The Princess Cut, which today is the second most popular shape for diamonds after the round brilliant, is of relatively recent vintage, having been developed in Israel in the late 1970s. With a face-up shape that is square or rectangular, it has side-on shape of an inverted pyramid, providing it will a profile that is not dissimilar to that of the round cut.

They are popular among diamond manufacturers because they characteristically provide a significantly greater yield than round stones, meaning that less rough material is sacrificed during the production process. But also, because their girdle has straight sides, they can be more easily used in a jewelry requiring multiple sets of diamonds, using invisible or channel settings.

The cut was developed by Betzalel Ambar, Israel Itzkowitz and Igal Perlman in Israel in 1979, and was inspired by the Radiant Cut, created by Henry Grossbard several years earlier, which is a square-shaped diamond with cut-off corners that approaches the brilliance of a round. The developers of the Princess Cut looked to create a shape that would dazzle like the Radiant Cut, but would allow stones to be set flush against each other, without any apparent gaps.

The original version was a square brilliant with 49 facets. The creators, who has patented the design, wanted to sell it as a trademarked cut, but discovered that they could not do that with the name Princess. Consequently, it was registered as the Quadrillion. What made it unique was that, unlike most other shapes, the lower-pavilion facets widened towards the culet, instead of narrowing. This created a star-like effect on the crown.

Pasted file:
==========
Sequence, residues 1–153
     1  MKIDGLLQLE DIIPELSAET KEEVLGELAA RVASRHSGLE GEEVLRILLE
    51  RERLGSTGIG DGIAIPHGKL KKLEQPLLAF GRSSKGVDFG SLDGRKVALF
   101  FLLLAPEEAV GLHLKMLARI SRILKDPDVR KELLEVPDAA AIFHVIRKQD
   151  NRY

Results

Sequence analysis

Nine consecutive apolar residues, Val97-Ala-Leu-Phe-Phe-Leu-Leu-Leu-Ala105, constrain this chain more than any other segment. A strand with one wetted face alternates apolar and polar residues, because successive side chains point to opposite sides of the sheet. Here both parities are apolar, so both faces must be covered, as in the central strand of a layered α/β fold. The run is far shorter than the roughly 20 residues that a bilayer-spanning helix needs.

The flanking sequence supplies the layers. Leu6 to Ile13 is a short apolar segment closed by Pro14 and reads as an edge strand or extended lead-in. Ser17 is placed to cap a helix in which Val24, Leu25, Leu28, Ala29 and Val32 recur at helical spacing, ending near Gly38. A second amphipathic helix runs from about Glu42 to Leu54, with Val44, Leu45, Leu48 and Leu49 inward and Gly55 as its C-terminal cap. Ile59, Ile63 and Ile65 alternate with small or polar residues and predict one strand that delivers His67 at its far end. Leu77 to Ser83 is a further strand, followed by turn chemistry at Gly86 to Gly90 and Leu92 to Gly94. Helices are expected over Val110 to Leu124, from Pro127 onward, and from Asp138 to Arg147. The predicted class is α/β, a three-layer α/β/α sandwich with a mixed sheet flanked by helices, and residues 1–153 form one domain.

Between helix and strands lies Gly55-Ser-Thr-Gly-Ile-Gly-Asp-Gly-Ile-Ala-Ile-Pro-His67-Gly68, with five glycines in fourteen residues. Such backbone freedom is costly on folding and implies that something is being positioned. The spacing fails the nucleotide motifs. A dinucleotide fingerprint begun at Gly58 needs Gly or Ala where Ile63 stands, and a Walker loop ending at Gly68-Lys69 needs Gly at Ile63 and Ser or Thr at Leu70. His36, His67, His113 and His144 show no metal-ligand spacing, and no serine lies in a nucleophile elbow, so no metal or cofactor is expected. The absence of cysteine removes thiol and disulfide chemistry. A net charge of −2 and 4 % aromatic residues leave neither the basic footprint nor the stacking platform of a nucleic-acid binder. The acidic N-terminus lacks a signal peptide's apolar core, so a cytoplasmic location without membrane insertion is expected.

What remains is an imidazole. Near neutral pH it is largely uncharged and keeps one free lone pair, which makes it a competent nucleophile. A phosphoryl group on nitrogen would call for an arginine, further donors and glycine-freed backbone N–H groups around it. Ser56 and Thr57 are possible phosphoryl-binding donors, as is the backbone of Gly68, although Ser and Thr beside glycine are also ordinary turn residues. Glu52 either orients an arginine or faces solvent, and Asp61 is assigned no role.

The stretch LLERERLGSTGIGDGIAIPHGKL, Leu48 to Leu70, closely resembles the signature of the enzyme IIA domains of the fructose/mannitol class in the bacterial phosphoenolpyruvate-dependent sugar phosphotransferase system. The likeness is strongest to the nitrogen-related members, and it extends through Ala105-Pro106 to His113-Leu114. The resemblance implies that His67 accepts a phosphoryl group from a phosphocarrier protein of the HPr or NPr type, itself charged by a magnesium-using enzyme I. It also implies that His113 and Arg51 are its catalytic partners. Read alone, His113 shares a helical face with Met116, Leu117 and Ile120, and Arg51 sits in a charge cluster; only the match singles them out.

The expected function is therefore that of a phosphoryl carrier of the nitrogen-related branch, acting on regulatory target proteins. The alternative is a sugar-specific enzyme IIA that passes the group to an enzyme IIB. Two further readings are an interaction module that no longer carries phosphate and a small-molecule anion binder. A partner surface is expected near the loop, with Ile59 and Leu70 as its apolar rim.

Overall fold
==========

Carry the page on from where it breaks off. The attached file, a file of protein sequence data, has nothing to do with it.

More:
The Quadrillion was an immediate success, and versions of the cut were soon being turned out by other manufacturers, who invariably added facets. These popularly became known as Princess Cuts.

The crown of the Princess Cut has one of two basic styles: bezel corners with a small diamond shaped facet from the corner of the table to the corner of the girdle, and French corners where the star facets point to the stone corners and usually extend about 50 percent of the distance from the corner of the table to the corner of the girdle.

The Princess Cut has two sets of main crown facets and two sets of main pavilion facets, in contrast to rounds, which has only one each.

Different versions of the Princess Cut have pavilion configurations of two, three, or four tiers of chevron facets, and larger stones sometimes have even more. The addition of chevron tiers typically increases the brilliance of the stone.

The girdle corners meet at right angles, they are the most delicate part of the stone. To avoid chipping, they are sometimes cut with very small facets, which is a technique known as “chamfering.”

While Princess Cuts are not necessarily square, the Gemological Institute of America (GIA) warns that they should not have a length-to-width ratio not exceeding 1:1.05. Princess cuts that have uneven sides or unequal proportions are less attractive, GIA says.

GIA also notes that she symmetry of the facets are important and can be examined by drawing an imaginary line down the length of the diamond, and seeing if the facets on the right and left halves are the same shape and size. Also, a balanced contrast of light and dark patterns in the table and facets are important.